redpwnCTF 2020 Crypto

# alien tx v2

We are provide with an explanation that has some key points and a file that contains the double XOR encrypted message.

The aliens are at it again! We've discovered that their communications are in base 512 and have transcribed them in base 10. However, it seems like they used XOR encryption twice with two different keys! We do have some information: This alien language consists of words delimitated by the character represented as 481 The two keys appear to be of length 21 and 19 The value of each character in these keys does not exceed 255 Find these two keys for me; concatenate their ASCII encodings and wrap it in the flag format.

Our goal here is to recover the two keys but not the message. So we could leverage the message and the special factors of the aliens language to "guess" the keys.

## Effective Key Length

By doing an XOR encryption with a key length of 21 and 19, we have a effective key length of `21*19=399`

. This means that the text will be encrypted by the same key every 399 chars. Here's a visualization.

key1 = 101 key2 = 11010 plaintext = 00000 First XOR with key1 10110 ('101' plus '10' to fill the length of the plaintext) XOR 00000 ------------------ 10110 Second XOR with key2 10110 XOR 11010 ------------------ 01100

You can see the result more clearly with a test script `@GeoffreyY(Discord)`

showed me

from itertools import cycle key1 = [1,2,3] key2 = [4,5,6,7,8] ptxt = [0]*50 [z^k1^k2 for ((z,k1),k2) in zip(zip(ptxt,cycle(key1),cycle(key2)))] OUTPUT: [ 5,7,5,6,10,7,4,4,4,9,6,6,7,5,11 5,7,5,6,10,7,4,4,4,9,6,6,7,5,11 5,7,5,6,10 ]

## Sorting

After we determine the effective key length, we could sort the provide alien message into 399 different bins, as each bin is using the same key to encrypt the data. To do this, a python script could do the job, this will be included in the final exploit.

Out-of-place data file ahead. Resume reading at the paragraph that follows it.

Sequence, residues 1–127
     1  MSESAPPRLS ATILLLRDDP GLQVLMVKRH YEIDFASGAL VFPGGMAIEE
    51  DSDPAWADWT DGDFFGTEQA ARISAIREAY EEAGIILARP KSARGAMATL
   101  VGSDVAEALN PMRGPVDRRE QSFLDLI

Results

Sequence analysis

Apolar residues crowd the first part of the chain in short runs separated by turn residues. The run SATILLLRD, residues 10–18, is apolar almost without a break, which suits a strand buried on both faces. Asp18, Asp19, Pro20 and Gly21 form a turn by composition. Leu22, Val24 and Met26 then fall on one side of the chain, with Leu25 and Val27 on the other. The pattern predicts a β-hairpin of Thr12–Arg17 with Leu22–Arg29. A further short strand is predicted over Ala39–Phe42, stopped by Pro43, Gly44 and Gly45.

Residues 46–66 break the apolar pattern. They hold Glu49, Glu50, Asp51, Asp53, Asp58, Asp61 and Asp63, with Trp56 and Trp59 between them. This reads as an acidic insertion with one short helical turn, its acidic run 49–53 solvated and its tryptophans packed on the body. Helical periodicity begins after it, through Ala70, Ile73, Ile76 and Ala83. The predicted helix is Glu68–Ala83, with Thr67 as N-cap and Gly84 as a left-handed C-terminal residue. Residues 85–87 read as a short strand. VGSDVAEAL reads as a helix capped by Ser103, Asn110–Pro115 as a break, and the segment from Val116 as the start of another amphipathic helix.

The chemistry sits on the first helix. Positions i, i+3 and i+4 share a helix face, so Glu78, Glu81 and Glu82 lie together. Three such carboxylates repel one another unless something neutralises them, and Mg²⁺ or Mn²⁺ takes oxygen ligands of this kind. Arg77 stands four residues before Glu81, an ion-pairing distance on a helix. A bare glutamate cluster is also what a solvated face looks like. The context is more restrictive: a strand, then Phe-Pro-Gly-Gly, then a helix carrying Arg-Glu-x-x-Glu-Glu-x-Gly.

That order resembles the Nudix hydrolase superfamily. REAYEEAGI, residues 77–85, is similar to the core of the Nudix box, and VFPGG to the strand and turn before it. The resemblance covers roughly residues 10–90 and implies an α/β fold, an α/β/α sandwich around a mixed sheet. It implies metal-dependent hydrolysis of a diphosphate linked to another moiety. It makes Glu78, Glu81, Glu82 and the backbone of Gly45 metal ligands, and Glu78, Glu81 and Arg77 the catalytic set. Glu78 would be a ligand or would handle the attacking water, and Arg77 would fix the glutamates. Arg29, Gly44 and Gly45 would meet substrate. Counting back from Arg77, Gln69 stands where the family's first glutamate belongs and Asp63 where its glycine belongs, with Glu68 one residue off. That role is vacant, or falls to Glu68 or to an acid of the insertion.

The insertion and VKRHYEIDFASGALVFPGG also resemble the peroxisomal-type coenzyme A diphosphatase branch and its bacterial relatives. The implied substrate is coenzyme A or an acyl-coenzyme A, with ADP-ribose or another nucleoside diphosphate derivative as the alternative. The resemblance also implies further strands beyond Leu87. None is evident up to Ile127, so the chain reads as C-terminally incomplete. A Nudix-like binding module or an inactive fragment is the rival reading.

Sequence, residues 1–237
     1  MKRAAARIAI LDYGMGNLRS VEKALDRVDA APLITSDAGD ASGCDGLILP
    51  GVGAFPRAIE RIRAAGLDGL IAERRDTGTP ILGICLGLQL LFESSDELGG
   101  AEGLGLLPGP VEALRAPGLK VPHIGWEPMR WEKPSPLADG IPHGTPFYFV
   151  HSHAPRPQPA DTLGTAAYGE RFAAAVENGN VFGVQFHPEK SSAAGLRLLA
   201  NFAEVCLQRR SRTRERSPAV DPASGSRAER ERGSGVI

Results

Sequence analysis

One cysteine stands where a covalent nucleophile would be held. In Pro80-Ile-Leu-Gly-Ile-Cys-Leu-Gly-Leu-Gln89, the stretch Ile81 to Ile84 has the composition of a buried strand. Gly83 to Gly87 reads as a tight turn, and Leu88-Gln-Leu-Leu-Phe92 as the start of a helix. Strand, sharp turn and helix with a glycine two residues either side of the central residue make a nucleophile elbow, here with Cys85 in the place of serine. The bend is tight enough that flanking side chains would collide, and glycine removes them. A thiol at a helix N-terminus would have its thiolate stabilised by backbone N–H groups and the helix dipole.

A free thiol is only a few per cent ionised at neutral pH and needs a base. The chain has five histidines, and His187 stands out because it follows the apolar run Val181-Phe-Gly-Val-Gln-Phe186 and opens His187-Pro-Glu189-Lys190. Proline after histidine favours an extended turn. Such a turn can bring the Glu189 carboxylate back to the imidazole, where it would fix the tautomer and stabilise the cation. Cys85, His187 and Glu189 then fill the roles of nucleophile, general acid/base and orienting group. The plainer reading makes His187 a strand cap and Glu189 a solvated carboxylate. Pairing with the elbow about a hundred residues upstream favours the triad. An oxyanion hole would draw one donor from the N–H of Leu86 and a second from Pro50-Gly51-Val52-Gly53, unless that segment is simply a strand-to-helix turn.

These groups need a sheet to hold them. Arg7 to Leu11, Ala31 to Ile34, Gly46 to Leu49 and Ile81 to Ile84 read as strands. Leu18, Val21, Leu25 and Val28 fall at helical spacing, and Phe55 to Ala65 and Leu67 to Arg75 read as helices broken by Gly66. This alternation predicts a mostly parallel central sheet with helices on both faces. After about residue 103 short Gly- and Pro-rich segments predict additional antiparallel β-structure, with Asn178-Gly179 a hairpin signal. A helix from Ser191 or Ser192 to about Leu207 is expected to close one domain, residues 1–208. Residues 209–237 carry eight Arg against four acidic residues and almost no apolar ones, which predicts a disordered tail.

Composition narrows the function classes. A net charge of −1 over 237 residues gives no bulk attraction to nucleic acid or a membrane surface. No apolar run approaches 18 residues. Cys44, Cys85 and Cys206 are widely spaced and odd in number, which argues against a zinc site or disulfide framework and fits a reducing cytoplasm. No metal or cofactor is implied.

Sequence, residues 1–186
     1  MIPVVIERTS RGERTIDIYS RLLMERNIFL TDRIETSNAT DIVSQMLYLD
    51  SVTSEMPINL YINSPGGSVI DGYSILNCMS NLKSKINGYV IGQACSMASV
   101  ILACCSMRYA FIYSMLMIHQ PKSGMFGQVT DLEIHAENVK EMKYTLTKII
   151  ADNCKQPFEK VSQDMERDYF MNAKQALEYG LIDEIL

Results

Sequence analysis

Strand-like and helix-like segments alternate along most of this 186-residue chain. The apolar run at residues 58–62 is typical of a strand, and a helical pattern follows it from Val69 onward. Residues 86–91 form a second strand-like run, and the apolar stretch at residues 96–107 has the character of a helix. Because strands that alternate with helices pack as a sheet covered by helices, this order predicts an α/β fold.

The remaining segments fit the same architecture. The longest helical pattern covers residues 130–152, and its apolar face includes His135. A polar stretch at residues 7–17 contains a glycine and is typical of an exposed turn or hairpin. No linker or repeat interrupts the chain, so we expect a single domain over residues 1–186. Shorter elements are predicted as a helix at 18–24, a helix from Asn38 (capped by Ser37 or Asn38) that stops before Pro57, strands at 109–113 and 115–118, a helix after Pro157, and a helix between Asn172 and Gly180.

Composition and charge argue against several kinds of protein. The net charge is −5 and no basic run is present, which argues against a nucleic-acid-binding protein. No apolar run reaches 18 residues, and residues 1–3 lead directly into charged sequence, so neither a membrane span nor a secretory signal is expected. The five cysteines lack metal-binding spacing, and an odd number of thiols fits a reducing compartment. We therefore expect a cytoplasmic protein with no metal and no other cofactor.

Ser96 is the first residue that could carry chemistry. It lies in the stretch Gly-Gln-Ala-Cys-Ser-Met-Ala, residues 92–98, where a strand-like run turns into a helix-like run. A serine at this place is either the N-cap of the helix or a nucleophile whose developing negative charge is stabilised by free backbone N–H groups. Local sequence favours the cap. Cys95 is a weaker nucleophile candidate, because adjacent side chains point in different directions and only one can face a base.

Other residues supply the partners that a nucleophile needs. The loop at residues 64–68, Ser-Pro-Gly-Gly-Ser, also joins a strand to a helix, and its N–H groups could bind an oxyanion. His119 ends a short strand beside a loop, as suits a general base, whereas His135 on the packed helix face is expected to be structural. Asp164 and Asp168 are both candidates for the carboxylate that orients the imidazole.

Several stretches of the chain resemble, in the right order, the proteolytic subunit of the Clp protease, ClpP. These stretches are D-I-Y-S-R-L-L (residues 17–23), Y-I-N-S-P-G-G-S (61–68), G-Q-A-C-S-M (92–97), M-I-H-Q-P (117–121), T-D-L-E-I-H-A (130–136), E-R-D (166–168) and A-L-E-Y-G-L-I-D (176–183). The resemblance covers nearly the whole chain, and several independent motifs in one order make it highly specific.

from collections import * encrypted = open("encrypted.txt", 'r').read().strip().split('\n') bins=defaultdict(list) k399=[0]*399 k21=[[]]*21 k19=[[]]*19 for x in range(len(encrypted)): bins[x%399].append(encrypted[x])

## Finding Deliminator

By the provided information about the alien language, we know that the deliminator is `481`

and that should be the most common "word" in each bin. By using the `Counter()`

in itertools, we can see that there is always a significant difference between the most used word and the second most used word. Therefore, we could tell that the most used word in each bin should be `481`

. Now we need a piece of script to pick out these deliminators.

for x in range(0,399): count = Counter(bins[x]) delim = list(count.keys())[list(count.values()).index(max(list(count.values())))] k399[x]=int(delim)^481

After finding the deliminators, by XORing it with 481 the known deliminator, we can get the encryption key for `k399[i]`

## "Brute Forcing" the Keys

We know the relation of key399, key21 and key19 by examining the test script @GeoffreyY wrote which is key399[i] = key21[i % 21] ^ key19[i % 19]

By knowing this information in addition to the other specification of the alien language `The value of each character in these keys does not exceed 255`

we can try every value between `0 ~ 255`

. Since we know all `k399`

by finding the deliminators, we just need to guess a value for `k21`

or `k19`

and see if the other one makes since, since we want our final output to be readable characters. I wrote this script that will write all the possibilities of `k19`

when `k21`

is a certain value, and evaluate `k21`

with the found `k19`

value and `k399`

.

with open("ape1.txt", 'w') as f: with open("ape.txt",'w') as j: for c in range(0, 255): for idx in range(0, 399, 21): k19[idx % 19] = k399[idx] ^ c f.write("".join([chr(c) for c in k19]) + '\n') for i in range(0,399): k21[i % 21]=k19[i%19]^k399[i] j.write("".join([chr(c) for c in k21])+"".join([chr(c) for c in k19])+'\n')

## Final Output and Finding the Flag

For our output, we get a huge list of characters and we need to find the one that "looks" right.

. . .(Giberish) e>>*8Rye>Rk<8yRe9akRye>R8>n=ciR<8Rye<8 f=|=);Qzf=Qh?|;zQf:bhQzf=Q;=m>`jQ?;Qzf?; g<}<(:P{g<Pi>}:{Pg;ciP{g<P:<l?akP>:P{g>: h3r3'5_th3_f1r5t_h4lf_th3_53c0nd_15_th15 i2s2&4^ui2^g0s4u^i5mg^ui2^42b1oe^04^ui04 j1p1%7]vj1]d3p7v]j6nd]vj1]71a2lf]37]vj37 k0q0$6\wk0\e2q6w\k7oe\wk0\60`3mg\26\wk26 .(Giberish) . .

Just find the string that "Seems" like the flag, you should be able to spot it!